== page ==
Grease Trap Regulations: 310 Mass. Reg. 15.230 Explained

In the state of Massachusetts, grease traps must comply with certain requirements regarding construction and maintenance. All commercial establishments must adhere to the 13 guidelines outlined in 310 Mass. Reg. 15.230 or risk legal penalties. These guidelines cover physical grease trap build requirements, as well as regulations regarding their care and maintenance. For grease trap design, the following requirements must be met:

  • Grease traps must have a minimum capacity of 1,000 gallons, and all discharge must flow to a properly designed septic tank.
  • Grease traps must feature a manhole frame and cover of at least 20 inches in diameter to grade over inlet and outlet tees.
  • They must be watertight, constructed of approved materials, and installed on a mechanically compacted base with six inches of crushed stone.
  • In some locations, the installation of an alarm or remote monitoring device may be required.
  • The invert elevation of a grease trap inlet must be at least two inches above the outlet’s invert elevation. Both the inlet and outlet need to be at the center of the tank, at least 12 inches above high groundwater elevation.

Regarding grease trap care and maintenance, 310 Mass. Reg. 15.230 states that grease removal using devices located within the building’s internal plumbing must comply with the State Plumbing Code. Using grease removal devices that are located outside of the building requires prior written Department approval.

Additionally, grease traps need to be maintained according to the requirements outlined in 310 CMR 15.351. They must also be easily accessible for inspection and maintenance, with nothing constructed above the grease trap access location.

Maintaining Your Commercial Trap

Warning Signs of a Clog

The main reason that grease traps develop clogs is that they are not being cleaned frequently enough. Grease traps require regular rodding to remove debris build-up and maintain clog-free functioning. Furthermore, the cleaning process should cover all of the grease trap surfaces, including its sides, baffles, and the bottom of the trap. If it’s been a while since your last scheduled cleaning, or if you’ve been allowing solid wastes to enter your grease trap, you’re at a greater risk of encountering a clog.

Make sure you’re regularly checking the grease and oil levels in your receptacle, and monitoring the lines in and out of the trap for blockages. The inlet and outlet pipes must be rodded out to remove debris buildup. Having a qualified professional like Service Pumping & Drain Co., Inc.™ regularly maintain your grease traps is necessary for adhering to state regulations and preventing costly clogs or faulty equipment breakdowns.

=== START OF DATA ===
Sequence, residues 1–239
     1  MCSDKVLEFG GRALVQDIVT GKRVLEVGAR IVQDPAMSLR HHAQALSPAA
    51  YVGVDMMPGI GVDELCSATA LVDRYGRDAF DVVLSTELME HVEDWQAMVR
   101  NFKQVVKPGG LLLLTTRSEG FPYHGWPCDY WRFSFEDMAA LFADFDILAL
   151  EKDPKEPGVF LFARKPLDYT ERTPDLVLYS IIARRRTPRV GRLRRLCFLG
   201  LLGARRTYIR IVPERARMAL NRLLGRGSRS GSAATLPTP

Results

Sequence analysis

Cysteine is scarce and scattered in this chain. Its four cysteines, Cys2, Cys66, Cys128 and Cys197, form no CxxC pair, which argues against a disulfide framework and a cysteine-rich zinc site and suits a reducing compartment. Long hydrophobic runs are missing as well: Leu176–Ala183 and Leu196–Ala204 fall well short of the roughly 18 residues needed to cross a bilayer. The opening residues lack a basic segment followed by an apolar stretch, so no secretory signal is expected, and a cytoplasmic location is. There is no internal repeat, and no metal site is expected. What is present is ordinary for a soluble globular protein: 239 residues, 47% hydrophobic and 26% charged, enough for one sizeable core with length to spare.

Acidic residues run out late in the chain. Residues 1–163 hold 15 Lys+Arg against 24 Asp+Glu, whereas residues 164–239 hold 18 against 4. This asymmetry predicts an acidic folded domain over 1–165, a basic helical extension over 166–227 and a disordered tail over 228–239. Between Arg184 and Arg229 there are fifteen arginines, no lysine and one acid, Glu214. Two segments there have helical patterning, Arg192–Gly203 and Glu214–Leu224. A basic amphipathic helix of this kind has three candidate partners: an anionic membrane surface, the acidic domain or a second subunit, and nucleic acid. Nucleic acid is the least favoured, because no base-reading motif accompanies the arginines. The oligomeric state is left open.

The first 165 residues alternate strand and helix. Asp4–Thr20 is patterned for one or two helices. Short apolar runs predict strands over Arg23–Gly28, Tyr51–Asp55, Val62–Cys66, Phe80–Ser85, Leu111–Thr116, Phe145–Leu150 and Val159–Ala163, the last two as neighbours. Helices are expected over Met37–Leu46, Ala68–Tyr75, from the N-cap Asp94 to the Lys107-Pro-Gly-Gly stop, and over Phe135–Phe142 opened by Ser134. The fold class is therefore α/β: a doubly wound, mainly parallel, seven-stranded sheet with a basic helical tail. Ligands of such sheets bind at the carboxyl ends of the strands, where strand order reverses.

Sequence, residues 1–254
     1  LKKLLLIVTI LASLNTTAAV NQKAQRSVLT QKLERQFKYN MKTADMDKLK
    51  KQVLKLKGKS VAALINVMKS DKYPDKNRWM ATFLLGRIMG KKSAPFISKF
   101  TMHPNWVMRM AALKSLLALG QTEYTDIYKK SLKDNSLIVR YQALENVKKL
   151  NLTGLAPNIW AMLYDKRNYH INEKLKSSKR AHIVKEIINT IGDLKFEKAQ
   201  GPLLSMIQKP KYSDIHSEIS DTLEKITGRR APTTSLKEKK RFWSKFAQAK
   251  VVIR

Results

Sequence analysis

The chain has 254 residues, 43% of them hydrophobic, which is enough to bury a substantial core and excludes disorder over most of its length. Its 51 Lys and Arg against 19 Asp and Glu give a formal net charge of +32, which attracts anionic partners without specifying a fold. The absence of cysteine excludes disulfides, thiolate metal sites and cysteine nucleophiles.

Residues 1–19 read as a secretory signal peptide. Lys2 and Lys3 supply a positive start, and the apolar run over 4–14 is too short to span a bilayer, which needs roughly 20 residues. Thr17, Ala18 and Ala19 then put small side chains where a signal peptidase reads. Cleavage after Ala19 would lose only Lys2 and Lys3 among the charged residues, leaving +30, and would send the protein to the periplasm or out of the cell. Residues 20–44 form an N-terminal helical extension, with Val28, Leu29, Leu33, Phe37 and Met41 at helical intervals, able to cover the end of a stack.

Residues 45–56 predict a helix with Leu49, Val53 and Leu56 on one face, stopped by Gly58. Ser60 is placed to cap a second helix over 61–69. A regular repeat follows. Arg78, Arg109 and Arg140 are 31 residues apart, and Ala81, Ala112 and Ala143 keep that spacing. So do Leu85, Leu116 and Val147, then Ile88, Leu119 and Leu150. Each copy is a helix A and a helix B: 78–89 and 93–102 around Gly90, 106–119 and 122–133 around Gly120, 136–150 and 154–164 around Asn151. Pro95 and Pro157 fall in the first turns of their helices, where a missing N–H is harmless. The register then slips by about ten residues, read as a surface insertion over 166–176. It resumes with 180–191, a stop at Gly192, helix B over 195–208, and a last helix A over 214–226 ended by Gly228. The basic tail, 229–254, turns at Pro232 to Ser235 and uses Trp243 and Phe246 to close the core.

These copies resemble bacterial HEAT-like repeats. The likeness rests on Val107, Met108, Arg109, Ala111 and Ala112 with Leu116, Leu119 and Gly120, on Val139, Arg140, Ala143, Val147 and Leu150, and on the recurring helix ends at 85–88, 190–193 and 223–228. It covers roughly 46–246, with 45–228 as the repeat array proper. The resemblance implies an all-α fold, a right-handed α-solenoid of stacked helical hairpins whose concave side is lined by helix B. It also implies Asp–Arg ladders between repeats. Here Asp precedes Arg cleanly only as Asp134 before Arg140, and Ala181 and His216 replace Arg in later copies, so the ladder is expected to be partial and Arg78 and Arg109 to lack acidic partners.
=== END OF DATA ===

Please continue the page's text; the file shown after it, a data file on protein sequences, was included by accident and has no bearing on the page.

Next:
Our team serves the greater Boston and southern New Hampshire area with the industry’s best grease trap cleaning equipment, including 4,000 PSI high-pressure water jetting equipment and 5,000-gallon vacuum pump trucks. Regular grease trap maintenance prevents costly clogs and the numerous other issues associated with them, such as:

  • Customer complaints
  • Foul odors
  • Back-ups and flooding
  • Business closure
  • Contamination and health issues
  • Expensive remediation services

The Grease Trap Cleaning Process

Whether your grease trap is passive or automatic, it will need regular professional cleaning. The services we provide for our commercial customers involve many steps to ensure no detail is overlooked. Here’s a basic overview of our processes:

  • Locate the grease trap and remove the lid. Whether indoors or outdoors, our professionals will locate your grease trap and remove the lid slowly to prevent damage to the gasket underneath.
  • Remove the collected grease. Next, our pump truck will remove floating FOG before we vacuum out any water and residual solids.
  • Clean the trap itself thoroughly. All parts of the grease trap are professionally cleaned, including the lid, baffles, and sides, to remove any leftover FOG.
  • Test the cleaned trap. The trap is put back together and then flushed with a gallon of water to check for drainage issues and ensure proper functioning.
  • Dispose of all FOG. To dispose of FOG, you must contact a Board of Health licensed professional in your area.

To help you better maintain your grease trap between visits, here are some guidelines to follow:

  • Ensure your grease trap is the appropriate size for your business
  • Regularly monitor your grease trap and pipes
  • Rinse utensils and dishes with cold water to help solidify and better separate FOG
  • If possible, reduce oil usage, as well as chemicals like bleach or chlorine
  • Recycle oils and throw away excess food separately instead of putting it down the disposal

What Businesses Need Commercial Grease Trap Cleaning

With over 85 years of experience, Service Pumping & Drain Co., Inc.™ has provided expert care for all kinds of businesses. For commercial grease trap cleaning, we commonly serve:

  • Hotels
  • Restaurants
  • Schools
  • Golf clubs
  • Hospitals and nursing homes

No matter how large or small, any facility that discharges grease benefits from professional grease trap maintenance. We can help you ensure your grease traps comply with local ordinances and prevent costly breakdowns and clogs. For more information about our grease trap cleaning and maintenance services, contact Service Pumping & Drain Co., Inc.™ today.